If this analysis is correct, and there is ample evidence to support it, the action to improve the situation is clearly indicated. The fundamental objective of such action should be to allay any reasonable Russian grounds for fear, suspicion and distrust. We must recognize that the world has changed and that today there can be no "One World" unless the United States and Russia can find some way of living together. For example, most of us are firmly convinced of the soundness of our position when we suggest the internationalization and de-fortification of the Danube or of the Dardanelles, but we would be horrified and angered by any Russian counterproposal that would involve also the internationalizing and disarming of Suez or Panama. We must recognize that to the Russians these seem to be identical situations . . . .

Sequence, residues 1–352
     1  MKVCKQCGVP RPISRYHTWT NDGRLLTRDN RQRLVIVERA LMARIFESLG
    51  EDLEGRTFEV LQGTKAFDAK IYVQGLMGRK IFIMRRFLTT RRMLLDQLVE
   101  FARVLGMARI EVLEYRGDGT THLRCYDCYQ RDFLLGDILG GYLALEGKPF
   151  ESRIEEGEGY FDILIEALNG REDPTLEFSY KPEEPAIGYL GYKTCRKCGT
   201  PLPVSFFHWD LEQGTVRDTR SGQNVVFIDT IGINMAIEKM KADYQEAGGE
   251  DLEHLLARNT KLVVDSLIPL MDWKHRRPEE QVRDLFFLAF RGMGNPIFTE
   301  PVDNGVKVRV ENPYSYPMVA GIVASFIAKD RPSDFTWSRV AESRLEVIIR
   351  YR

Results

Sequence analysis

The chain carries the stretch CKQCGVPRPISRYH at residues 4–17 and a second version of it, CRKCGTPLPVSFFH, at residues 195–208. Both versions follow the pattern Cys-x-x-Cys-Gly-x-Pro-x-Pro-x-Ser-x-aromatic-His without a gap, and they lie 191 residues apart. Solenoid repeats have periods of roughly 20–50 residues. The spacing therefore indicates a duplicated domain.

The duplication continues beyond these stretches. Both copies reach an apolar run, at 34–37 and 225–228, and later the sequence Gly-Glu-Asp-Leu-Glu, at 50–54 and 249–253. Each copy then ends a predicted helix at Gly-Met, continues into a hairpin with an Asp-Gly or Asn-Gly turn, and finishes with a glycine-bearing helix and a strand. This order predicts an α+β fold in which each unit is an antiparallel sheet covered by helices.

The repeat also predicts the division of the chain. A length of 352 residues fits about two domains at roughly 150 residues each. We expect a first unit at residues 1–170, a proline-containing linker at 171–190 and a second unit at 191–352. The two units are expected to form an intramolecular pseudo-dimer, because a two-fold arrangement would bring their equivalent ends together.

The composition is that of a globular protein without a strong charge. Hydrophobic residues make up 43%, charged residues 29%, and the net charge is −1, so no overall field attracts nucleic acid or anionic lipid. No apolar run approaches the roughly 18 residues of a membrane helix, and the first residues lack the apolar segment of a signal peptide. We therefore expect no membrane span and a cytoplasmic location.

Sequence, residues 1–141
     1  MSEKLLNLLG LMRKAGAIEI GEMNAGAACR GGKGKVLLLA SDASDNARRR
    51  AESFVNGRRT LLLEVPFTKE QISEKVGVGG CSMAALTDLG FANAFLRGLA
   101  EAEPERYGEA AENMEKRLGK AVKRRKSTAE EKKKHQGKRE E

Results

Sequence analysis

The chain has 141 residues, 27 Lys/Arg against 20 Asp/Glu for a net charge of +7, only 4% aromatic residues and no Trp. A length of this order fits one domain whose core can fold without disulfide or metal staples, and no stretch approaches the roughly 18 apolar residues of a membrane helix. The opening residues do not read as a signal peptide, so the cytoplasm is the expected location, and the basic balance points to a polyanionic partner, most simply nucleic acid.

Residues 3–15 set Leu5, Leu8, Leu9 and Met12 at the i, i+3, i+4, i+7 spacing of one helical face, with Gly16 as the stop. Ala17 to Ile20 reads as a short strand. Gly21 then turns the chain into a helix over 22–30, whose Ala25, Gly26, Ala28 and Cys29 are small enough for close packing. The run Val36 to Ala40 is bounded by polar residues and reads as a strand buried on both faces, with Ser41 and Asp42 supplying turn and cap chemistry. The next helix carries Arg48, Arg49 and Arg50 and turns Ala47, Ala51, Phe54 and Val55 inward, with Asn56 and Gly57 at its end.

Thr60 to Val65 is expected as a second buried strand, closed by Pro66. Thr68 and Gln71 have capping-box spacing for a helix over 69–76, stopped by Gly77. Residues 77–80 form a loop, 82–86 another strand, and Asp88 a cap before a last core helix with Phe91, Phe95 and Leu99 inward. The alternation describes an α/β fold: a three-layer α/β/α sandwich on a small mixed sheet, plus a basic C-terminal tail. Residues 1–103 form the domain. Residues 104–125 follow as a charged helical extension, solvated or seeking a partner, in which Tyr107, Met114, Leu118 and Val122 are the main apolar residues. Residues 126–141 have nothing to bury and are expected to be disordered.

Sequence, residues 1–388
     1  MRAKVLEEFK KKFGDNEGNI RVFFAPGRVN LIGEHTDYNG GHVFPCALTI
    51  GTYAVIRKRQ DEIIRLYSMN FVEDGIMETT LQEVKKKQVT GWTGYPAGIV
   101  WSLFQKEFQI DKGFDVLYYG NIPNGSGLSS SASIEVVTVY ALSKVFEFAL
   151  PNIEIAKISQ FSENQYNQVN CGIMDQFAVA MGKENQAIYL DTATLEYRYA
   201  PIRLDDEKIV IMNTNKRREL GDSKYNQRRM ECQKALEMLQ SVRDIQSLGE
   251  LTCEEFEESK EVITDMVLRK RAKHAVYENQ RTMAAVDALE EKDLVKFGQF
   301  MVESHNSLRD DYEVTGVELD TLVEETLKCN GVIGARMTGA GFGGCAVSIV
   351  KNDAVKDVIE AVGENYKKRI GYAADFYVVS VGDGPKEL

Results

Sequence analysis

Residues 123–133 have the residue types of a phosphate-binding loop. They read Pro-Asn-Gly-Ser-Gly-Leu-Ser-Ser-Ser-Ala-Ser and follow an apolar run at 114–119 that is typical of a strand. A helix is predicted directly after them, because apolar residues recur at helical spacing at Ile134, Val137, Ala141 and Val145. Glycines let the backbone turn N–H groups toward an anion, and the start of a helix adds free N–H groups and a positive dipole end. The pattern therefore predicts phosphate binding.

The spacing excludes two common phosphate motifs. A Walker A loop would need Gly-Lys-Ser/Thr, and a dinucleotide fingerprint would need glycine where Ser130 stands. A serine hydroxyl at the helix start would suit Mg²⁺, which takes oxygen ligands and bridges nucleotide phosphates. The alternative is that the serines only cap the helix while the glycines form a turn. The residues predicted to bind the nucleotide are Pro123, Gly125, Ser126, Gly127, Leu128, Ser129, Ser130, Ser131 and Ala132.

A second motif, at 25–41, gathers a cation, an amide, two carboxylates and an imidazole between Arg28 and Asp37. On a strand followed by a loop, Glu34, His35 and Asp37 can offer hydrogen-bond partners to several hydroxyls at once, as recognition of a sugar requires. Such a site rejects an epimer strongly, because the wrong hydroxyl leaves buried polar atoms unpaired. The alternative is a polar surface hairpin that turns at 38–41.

We should make an effort to counteract the irrational fear of Russia, which is being systematically built up in the American people by certain individuals and publications. The slogan that communism and capitalism, regimentation and democracy, cannot continue to exist in the same world is, from a historical point of view, pure propaganda. Several religious doctrines, all claiming to be the only true gospel and salvation, have existed side by side with a reasonable degree of tolerance for centuries. This country was for the first half of its national life a democratic island in a world dominated by absolutist governments.